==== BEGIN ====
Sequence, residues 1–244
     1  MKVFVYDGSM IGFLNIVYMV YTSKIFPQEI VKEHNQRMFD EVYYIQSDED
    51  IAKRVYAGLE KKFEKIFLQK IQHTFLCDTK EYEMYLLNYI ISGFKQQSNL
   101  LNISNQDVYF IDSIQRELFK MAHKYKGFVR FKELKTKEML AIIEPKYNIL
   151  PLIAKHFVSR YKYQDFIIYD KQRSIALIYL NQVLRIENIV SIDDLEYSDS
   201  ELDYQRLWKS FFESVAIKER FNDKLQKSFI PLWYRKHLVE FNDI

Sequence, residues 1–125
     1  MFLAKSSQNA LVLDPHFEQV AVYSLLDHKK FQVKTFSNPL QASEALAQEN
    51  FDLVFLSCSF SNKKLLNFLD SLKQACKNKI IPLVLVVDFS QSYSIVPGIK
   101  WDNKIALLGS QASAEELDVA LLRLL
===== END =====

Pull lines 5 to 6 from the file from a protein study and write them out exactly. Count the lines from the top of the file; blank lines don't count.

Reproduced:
   151  PLIAKHFVSR YKYQDFIIYD KQRSIALIYL NQVLRIENIV SIDDLEYSDS
   201  ELDYQRLWKS FFESVAIKER FNDKLQKSFI PLWYRKHLVE FNDI